Rooh Afza
TypeConcentrated herbal, Squash (drink)
InventorHakim Hafiz Abdul Majeed Old Delhi, British India
Inception1906; 118 years ago (1906)
ManufacturerHamdard India, Hamdard Laboratories (Waqf) Bangladesh, and Hamdard Laboratories (Waqf) Pakistan
AvailableIndia, Pakistan, Bangladesh
and the Middle East
SloganDrink of the East

Rooh Afza (Urdu: روح افزا; Hindi: रूह अफ़ज़ा; Bengali: রূহ আফজা) (Soul Refresher) is a concentrated squash.[1] It was formulated in 1906 in Ghaziabad, in India by Hakeem Muhammad Kabeeruddin[2] and introduced by Hakim Hafiz Abdul Majeed,[3][4][5] and launched from Old Delhi. Currently, Rooh Afza is manufactured by the companies founded by him and his sons, Hamdard Laboratories, India, Hamdard Laboratories (Waqf) Pakistan and Hamdard Laboratories (Waqf) Bangladesh. Since 1948, the company has been manufacturing the product in India, Pakistan and Bangladesh.[3]

Other companies formulate the same un-patented recipe in these countries as well. The specific Unani recipe of Rooh Afza combines several ingredients popularly believed to be cooling agents, such as rose, which is used as a remedy for loo (the hot summer winds of Northern India and Pakistan and Bangladesh). The drink is commonly associated with the month of Ramadan, in which it is usually consumed during iftar. It is sold commercially as a syrup to flavour sherbets, cold milk drinks, ices, and cold desserts such as the popular falooda.[6] The name Rooh Afza is sometimes translated as "refresher of the soul".[7] It is said that this name was made up by the original formulator of the drink, with possible cultural influences.[8][3]


A bottle of Rooh Afza.
A sharbat drink made from Rooh Afza syrup.

Rooh Afza was founded by Hamdard's founder Hakim Hafiz Abdul Majeed in old Delhi, India. In 1906, he wanted to create a herbal mix that would help Delhi's people stay cool in the summer. He selected herbs and syrups from traditional Unani medicine and created a drink that would help counter heat strokes and prevent water loss in people. An artist, Mirza Noor Ahmad, designed the labels of Rooh Afza in many colours in 1910. Progress in development and refining the original recipe continued all along until the final drink emerged.[3]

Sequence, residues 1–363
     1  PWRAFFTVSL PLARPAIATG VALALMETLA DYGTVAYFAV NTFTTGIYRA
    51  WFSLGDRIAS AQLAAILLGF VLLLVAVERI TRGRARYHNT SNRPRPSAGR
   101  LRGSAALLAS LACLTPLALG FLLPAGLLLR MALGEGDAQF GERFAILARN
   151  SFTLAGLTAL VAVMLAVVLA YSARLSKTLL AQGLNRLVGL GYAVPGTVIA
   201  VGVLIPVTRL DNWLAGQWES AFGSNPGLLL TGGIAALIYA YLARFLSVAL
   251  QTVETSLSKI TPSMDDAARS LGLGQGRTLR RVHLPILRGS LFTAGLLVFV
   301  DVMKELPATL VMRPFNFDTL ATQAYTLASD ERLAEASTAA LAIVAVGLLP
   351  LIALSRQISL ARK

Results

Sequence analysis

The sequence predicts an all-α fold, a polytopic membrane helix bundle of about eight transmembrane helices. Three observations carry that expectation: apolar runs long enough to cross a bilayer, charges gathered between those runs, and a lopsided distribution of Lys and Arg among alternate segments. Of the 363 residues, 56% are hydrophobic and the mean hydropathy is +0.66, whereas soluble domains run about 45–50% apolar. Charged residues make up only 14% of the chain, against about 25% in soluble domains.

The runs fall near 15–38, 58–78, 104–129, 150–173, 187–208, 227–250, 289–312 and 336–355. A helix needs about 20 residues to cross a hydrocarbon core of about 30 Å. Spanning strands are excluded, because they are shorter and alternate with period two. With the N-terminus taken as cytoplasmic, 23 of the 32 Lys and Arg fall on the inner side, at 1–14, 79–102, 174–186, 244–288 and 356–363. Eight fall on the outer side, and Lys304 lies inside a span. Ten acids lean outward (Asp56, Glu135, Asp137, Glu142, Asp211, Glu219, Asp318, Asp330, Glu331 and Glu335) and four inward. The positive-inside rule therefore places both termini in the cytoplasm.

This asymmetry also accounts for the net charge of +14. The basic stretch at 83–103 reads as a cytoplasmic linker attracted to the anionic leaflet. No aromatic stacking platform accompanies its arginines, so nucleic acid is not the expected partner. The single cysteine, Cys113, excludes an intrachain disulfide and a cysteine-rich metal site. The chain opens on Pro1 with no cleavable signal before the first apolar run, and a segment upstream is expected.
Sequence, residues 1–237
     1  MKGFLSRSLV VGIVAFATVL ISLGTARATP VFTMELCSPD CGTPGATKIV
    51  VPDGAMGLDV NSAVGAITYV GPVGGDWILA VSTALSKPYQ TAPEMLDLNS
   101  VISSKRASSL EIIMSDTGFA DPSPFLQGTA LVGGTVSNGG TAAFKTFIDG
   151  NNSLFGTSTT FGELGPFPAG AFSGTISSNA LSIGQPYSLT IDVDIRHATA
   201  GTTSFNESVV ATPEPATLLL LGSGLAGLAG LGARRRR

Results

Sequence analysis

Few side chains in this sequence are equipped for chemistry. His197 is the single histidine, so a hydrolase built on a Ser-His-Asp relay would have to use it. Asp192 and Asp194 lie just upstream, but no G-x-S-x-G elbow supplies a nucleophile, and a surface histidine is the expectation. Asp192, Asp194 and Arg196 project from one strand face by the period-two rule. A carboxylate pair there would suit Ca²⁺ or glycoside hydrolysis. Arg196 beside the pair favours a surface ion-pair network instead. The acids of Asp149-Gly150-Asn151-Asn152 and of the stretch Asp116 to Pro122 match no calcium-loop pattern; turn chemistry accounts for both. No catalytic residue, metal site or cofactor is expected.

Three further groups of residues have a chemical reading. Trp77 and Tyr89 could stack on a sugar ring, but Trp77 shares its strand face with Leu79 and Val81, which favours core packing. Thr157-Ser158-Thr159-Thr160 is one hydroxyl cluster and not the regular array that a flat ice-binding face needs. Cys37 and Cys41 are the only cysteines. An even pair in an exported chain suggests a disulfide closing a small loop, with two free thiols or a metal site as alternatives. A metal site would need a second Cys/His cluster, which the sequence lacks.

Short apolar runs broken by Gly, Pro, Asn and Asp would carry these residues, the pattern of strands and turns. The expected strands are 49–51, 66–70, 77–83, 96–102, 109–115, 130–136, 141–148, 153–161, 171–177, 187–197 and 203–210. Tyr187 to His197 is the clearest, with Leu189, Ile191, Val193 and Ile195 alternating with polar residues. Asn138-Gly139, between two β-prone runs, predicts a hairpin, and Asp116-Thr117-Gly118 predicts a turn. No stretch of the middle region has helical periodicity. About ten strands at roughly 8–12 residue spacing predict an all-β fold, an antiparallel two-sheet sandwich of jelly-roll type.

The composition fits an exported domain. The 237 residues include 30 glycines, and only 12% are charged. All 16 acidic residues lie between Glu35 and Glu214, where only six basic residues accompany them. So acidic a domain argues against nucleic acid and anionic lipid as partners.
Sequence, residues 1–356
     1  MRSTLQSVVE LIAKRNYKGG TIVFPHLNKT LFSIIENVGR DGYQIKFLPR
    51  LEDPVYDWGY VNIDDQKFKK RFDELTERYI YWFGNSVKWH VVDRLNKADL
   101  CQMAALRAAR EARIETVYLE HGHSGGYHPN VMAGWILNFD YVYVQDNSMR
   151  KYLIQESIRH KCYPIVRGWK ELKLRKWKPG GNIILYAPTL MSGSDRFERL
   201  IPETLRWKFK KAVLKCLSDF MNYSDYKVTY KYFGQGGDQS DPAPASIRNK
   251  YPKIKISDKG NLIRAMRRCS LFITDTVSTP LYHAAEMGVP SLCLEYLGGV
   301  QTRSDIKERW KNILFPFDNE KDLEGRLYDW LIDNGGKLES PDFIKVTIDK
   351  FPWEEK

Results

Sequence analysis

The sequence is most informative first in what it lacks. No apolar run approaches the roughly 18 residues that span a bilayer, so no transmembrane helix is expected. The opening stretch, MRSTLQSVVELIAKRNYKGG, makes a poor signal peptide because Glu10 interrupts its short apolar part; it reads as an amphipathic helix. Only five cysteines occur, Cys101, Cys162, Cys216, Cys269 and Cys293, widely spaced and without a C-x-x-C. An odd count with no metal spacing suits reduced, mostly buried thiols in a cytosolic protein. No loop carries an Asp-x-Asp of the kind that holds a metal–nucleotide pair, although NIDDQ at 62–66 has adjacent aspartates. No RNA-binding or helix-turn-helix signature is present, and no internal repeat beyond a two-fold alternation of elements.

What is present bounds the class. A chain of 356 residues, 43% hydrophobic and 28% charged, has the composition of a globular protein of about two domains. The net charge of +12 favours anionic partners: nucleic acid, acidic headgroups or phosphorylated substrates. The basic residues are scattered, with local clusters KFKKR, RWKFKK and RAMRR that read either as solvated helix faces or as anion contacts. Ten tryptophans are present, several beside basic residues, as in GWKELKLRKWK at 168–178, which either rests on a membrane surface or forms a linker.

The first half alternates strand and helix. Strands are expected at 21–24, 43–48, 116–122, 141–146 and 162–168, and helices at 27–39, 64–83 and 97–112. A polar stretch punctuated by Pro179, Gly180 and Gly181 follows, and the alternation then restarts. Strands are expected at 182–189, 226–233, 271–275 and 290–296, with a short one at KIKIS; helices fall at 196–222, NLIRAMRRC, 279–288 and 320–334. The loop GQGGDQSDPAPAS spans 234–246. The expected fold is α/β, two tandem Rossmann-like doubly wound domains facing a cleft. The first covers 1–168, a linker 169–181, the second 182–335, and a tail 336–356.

After Majeed's death 15 years later, his wife Rabea Begum established a charitable trust in the name of herself and their two sons.[9]

Following the partition of India in 1947, while the elder son, Hakim Abdul Hameed, stayed back in India – the younger son, Hakim Mohammad Said, migrated to Pakistan on 9 January 1948 and started a separate Hamdard Company from two rooms in the old Arambagh area of Karachi.[3][7] Hamdard Pakistan finally became profitable in 1953. Hakim Mohammad Said had opened a branch of Hamdard in the former East Pakistan. According to Hakim Mohammad Said's daughter, Sadia Rashid, chairperson of Hamdard Pakistan in 2019, her father gifted the business to the people of Bangladesh after their independence in 1971.[3]

In 2010, chef Nita Mehta and Indian film actress Juhi Chawla were hired for promotional activities by Hamdard Laboratories to create new mocktail and dessert recipes for Rooh Afza, their all-season summer drink, which was used in a new marketing campaign.[10]


Its original formulation included:[11]


Rooh Afza syrup is generally served mixed with cold milk and ice. Rooh Afza is often prepared as part of Iftar (the evening meal for breaking the fast or roza), during Ramadan[12] (the holy month of fasting for Muslims). The concentrate can also be mixed with water, which is a common preparation in the hot Pakistani summers. When mixed with water, the final drink is a type of sharbat. Rooh Afza syrup is often mixed with Kulfi ice cream and vermicelli to make a similar version of the popular Iranian dessert Faloodeh.